In the House Communications Subcommittee oversight hearing Thursday, broadcasters weren't getting a lot of love from FCC chairman Tom Wheeler on their push for FM chips in cell phones.
When talking about his plans to fix auction designated entity rules, Wheeler echoed an aside from Wednesday's Senate hearing. He said that the FCC would adjust the DE rules to insure they could not be gamed by "slick" lawyers, then added, as he had before, that was similar to the "slick" lawyers "playing around" with broadcast licenses.
Later in the hearing, Rep. Yvette Clarke (D-N.Y.) appeared to be looking for Wheeler's support in installing and activating FM chips in cell phones, saying she wanted her constituents to be able to receive life-saving emergency broadcast information after the next terrorist attack or natural disaster.
Wheeler said that he did not think it was the FCC's place to force wireless carriers to activate the chips. He said that there were some technical issues with the size of the antenna needed and its drain on the battery.
He said he knew broadcasters had been taking out ads asking consumers to contact the FCC and Congress, but suggested the best approach would be to let those consumers choose for themselves.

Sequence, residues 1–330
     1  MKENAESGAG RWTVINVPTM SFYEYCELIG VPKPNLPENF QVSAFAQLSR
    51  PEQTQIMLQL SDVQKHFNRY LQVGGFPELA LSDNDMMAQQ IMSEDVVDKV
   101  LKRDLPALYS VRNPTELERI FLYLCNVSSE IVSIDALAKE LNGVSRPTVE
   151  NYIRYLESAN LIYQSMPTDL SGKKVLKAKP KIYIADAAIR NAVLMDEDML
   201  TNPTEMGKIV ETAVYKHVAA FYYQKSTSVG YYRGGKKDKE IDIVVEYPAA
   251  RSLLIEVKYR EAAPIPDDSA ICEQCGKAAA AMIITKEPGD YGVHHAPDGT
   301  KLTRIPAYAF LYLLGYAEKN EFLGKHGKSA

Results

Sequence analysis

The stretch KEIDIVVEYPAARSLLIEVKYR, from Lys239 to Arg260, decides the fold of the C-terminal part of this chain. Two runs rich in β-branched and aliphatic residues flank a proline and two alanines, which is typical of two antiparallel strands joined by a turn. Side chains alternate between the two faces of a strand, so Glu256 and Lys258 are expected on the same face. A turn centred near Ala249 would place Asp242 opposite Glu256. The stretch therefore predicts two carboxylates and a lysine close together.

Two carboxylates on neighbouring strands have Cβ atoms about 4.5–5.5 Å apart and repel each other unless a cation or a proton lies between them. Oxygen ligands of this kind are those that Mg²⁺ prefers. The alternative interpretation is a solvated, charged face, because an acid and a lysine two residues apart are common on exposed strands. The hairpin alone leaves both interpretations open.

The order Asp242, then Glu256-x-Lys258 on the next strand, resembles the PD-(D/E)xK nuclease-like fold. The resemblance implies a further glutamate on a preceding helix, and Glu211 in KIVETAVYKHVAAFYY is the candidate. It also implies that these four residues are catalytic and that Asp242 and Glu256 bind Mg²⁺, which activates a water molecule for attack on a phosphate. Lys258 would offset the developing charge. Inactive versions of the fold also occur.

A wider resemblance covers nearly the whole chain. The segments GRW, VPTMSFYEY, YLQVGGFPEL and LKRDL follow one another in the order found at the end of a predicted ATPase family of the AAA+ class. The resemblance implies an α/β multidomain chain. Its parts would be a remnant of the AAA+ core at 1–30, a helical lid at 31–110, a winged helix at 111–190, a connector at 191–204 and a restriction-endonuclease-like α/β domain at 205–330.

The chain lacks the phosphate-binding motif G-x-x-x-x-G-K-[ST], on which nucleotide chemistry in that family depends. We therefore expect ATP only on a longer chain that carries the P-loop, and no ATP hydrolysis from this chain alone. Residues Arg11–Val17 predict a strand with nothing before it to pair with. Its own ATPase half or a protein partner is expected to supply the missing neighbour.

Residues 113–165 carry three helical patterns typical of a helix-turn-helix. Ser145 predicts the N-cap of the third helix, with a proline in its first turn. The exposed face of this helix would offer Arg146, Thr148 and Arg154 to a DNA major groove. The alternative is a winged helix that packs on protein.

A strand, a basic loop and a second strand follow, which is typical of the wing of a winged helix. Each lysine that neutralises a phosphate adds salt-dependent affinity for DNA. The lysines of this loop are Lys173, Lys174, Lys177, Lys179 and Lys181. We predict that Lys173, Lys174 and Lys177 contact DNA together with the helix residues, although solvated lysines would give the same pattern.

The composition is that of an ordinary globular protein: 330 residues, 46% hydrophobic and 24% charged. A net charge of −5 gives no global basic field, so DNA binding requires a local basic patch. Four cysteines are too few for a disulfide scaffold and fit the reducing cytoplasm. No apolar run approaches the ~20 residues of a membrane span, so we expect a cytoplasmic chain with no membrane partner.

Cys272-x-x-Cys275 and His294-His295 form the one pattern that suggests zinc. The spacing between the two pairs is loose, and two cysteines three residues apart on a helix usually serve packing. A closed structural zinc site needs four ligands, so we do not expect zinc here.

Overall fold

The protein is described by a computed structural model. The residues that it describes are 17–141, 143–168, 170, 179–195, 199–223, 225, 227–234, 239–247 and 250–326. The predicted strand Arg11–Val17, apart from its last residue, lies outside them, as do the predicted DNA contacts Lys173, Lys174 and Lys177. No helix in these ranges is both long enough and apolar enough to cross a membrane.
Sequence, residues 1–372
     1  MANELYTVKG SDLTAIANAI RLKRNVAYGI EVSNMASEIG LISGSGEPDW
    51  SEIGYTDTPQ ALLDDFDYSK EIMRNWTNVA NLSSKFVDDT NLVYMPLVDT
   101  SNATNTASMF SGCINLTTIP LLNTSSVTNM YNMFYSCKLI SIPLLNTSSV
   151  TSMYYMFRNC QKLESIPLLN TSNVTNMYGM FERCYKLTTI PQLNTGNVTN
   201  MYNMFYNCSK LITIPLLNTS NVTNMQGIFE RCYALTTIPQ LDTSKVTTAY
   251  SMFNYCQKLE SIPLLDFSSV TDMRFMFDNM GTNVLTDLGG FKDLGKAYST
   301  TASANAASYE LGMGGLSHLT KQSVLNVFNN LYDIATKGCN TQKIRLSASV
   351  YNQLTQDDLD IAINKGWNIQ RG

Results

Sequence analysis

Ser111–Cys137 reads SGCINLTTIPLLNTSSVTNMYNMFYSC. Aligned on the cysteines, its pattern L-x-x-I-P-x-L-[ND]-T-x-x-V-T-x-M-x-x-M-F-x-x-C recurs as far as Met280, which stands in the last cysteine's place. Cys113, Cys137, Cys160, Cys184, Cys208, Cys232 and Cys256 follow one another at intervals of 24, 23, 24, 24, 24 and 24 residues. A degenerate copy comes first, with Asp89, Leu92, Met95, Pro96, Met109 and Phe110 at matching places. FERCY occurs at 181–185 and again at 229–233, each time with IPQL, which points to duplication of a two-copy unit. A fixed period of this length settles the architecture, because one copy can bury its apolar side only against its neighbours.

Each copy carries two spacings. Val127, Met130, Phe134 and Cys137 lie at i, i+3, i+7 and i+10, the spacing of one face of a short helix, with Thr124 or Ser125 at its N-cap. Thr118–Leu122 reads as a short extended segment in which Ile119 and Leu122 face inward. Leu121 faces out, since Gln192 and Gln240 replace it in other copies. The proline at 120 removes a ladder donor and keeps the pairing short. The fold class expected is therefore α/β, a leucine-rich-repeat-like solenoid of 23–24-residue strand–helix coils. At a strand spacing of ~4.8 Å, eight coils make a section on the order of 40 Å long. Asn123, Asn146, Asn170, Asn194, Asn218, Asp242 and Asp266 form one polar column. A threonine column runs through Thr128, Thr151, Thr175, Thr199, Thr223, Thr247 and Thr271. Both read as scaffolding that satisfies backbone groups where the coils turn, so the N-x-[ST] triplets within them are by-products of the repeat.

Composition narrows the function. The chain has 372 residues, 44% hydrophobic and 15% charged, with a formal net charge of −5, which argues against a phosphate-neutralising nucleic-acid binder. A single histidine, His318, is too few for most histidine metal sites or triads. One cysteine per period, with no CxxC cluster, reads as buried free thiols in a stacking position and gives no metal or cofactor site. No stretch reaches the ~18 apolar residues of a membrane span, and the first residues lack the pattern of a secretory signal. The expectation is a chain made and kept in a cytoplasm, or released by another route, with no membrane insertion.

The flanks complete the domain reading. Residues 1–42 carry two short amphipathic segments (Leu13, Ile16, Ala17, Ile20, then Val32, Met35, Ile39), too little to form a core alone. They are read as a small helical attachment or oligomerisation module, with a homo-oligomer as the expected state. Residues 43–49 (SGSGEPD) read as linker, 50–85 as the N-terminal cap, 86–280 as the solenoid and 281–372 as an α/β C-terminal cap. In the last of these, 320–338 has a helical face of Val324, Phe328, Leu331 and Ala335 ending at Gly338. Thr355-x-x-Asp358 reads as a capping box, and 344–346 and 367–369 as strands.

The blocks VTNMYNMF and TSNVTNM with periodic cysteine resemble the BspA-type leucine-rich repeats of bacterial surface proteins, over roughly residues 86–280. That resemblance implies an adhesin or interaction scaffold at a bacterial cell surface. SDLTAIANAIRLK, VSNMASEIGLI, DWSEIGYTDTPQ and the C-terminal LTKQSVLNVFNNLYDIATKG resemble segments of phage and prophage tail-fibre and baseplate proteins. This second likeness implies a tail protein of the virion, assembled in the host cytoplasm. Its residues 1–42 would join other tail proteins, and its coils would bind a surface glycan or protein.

NAB has argued that unless the chips are widely available and activated, consumers don't have the choice to make.
Following the hearing, NAB spokesman Dennis Wharton tweeted a link to FEMA administrator Craig Fugate's support of activating the chips as a way to allow phones to continue to get life-saving info when cell systems are overloaded or taken out.
In another context, the FCC is considering mandating battery backup power for VoIP service to insure that life-saving information can get through when the power goes out.
“At a Congressional hearing today, FCC Chairman Tom Wheeler seemed to dismiss the value of having activated FM radio chip in smartphones and mistakenly suggested that broadcasters are seeking a government mandate,” NAB said in a statement following the hearing.
“NAB and broadcasters are NOT seeking a government mandate; we merely seek the FCC's help in using its influence in enabling a technology that can save lives in emergency situations.”
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Contributing editor John Eggerton has been an editor and/or writer on media regulation, legislation and policy for over four decades, including covering the FCC, FTC, Congress, the major media trade associations, and the federal courts. In addition to Multichannel News and Broadcasting + Cable, his work has appeared in Radio World, TV Technology, TV Fax, This Week in Consumer Electronics, Variety and the Encyclopedia Britannica.
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